My growth conversations with ministers and lay leaders have been falling into two categories:
- “we need clarity of vision and purpose” as an association and
- “we need to do better with all the nuts and bolts” of congregational life.
For me one of the “nuts and bolts” is helping people visiting your congregation’s website decide to visit. The number of visitors who decide to visit your church on Sunday is clear function of how well you communicate.
Many of your websites do not communicate who and what you are. Believe me! I’ve checked.
Visit your website and tell me, does it communicate the reality of what your congregation is like? It isn’t easy to communicate this via a text driven website. Photos help. But video….
When it comes to turning web surfers / virtual church shoppers into real live visitors, video is the most effective.
Recently I took a day I had scheduled off and helped my home congregation, the First Unitarian Church of Providence, crank out a few videos. We had planned on doing one, but then some other staff dropped by.
The first video is a welcome video from the minister and director of religious education. This video is destined for the front page of their website. I’ve found that people often come to a church after meeting a minister in person at a rally or other public function. A simple video on your website can help visitors feel comfortable taking the big step of visiting.
This quick unscripted video is my favorite. I grabbed the music director and asked him to take us on a very short tour of the meeting house. It only took ten minutes to make. In this video he introduces himself, says a word or two about the building and then shows us their amazing pipe organ.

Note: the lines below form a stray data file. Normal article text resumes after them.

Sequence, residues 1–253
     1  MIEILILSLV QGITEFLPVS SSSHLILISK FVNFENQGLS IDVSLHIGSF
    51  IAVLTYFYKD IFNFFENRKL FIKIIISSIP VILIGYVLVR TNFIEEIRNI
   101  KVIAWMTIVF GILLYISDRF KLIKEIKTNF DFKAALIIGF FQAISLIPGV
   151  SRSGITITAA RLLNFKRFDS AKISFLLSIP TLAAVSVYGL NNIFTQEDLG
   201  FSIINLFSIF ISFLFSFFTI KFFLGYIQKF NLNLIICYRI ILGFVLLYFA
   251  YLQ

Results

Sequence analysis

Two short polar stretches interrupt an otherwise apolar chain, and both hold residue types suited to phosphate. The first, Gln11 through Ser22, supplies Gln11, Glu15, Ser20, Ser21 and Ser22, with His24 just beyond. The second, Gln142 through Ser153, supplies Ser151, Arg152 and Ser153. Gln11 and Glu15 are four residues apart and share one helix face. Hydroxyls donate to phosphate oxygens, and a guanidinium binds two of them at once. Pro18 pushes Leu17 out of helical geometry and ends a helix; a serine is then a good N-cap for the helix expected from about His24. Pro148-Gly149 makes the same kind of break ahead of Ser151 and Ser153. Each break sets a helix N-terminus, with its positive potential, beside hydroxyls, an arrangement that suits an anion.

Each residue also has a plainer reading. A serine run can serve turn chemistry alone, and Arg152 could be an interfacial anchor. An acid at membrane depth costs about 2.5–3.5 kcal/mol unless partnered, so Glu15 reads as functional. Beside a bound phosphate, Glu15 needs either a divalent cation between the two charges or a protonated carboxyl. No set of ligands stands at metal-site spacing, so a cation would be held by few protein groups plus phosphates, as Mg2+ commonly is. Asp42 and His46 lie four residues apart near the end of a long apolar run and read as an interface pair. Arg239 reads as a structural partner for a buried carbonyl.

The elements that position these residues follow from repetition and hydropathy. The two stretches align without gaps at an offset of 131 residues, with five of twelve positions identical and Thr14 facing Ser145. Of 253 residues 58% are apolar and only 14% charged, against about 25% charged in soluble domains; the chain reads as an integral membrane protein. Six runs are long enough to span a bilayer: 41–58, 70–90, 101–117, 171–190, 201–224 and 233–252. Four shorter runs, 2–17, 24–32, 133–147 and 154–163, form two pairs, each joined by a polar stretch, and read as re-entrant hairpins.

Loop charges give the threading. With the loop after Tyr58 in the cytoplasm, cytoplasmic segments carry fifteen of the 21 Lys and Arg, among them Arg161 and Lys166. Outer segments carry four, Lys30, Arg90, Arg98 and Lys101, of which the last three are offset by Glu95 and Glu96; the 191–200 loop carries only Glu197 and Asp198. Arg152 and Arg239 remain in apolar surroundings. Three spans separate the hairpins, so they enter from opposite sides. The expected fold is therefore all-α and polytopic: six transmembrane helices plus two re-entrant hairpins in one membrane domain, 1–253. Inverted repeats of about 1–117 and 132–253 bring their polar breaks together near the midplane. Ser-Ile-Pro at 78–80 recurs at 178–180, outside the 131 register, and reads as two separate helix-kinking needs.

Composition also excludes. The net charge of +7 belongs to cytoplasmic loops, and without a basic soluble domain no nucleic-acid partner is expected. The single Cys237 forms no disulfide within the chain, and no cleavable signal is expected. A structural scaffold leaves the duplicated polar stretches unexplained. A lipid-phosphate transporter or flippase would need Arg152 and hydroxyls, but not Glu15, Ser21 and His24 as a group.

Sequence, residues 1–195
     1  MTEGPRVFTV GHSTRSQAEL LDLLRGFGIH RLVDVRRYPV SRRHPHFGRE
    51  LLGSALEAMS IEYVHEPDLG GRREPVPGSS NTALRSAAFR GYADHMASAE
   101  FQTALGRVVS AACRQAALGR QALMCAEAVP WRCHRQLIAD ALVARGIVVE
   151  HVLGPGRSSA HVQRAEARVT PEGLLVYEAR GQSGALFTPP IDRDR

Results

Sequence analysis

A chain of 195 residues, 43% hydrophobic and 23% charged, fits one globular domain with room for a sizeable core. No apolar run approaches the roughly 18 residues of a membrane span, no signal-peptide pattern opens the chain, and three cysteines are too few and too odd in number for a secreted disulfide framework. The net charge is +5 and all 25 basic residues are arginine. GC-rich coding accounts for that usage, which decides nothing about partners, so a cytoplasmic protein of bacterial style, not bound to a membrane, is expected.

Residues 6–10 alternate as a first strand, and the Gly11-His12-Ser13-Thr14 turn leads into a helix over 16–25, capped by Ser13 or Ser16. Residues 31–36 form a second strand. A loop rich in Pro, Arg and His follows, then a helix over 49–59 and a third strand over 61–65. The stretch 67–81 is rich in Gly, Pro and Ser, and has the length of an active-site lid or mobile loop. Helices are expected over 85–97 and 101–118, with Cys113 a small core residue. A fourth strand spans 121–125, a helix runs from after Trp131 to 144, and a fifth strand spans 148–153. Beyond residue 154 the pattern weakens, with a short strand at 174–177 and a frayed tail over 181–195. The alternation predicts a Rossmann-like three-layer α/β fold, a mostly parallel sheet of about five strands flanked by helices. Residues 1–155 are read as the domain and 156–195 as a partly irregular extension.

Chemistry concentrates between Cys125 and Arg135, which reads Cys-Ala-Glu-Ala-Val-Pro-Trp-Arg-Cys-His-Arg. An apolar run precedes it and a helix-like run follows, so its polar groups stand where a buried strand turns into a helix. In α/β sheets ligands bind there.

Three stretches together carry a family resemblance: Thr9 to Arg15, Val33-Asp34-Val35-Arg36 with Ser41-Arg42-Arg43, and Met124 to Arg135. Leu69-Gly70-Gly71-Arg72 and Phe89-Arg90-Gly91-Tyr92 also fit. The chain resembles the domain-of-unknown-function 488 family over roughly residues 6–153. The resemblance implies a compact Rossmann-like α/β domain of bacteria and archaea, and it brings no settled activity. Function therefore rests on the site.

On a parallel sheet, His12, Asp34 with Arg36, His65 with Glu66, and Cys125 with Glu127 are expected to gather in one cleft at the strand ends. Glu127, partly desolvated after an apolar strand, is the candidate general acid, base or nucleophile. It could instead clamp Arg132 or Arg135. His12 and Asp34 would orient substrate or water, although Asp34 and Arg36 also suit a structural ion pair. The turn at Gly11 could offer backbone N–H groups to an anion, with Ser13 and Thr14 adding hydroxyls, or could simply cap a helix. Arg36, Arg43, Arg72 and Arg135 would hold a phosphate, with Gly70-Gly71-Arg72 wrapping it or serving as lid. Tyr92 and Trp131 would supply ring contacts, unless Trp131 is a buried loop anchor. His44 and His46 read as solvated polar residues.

Since their membership coordinator came in we had her record a quick intro. This one will end up on the page for newcomers. I think its great that it communicates who they can go to with questions, membership info, tours, and so on.
Update: The video we made of First Unitarian’s membership coordinator has been updated. Armed with a new Flip Video Camera, their membership coordinator recorder a new welcome message – watch it here. See, once you get your Youtube feet wet...
Where to start…
If it was up to me, if I were in your shoes, I’d invest in video. I’d scrap those newspaper ads and allocate the funds to pay a youth, young adult or adult in the congregation make videos. Not just once, but week after week — whatever the ad cost. They’d include a video tour of the church, sermons, fun events, social action efforts, and regular “this is what’s happening in our community” interviews. Do all that? Do some “This I believe” videos.
I know many congregations spend $100 a week on newspaper ads. What’s your budget?
Invest that same amount in video and you will see far greater rewards. They’re called visitors. They start as web surfers, then they get to know you through the documentation of your congregation’s life, and then they decide to visit. And they can because they know what to expect.
Video communicates better, lasts longer, and is easier to share online via social networks such as Face Book. Not having video content in the 21st century is like not having a sign on your building. It is now standard operating procedure.
You might not have the skills, but someone in your church does. And if you are smart with your advertising budget you can probably make it worth their while to be your resident video guru.
If you don’t have the funds after a hard look, build a team. Create a media-ministry team. Make it fun. If you are presently low tech there are sure to be people waiting for you to get serious about media.
NEED HELP? If you are in Southern New England and just can’t find a way to make this happen on your own please contact me. I offer a number of video production and training services for UU congregations. You can bring me in as a guest speaker and we’ll make a video on a Sunday. Shazam! Welcome to 2010.
EXCEPTIONS: There are exceptions where a town or city has so many people reading the newspaper that the paper is still the best option. But those cases are quickly fading away…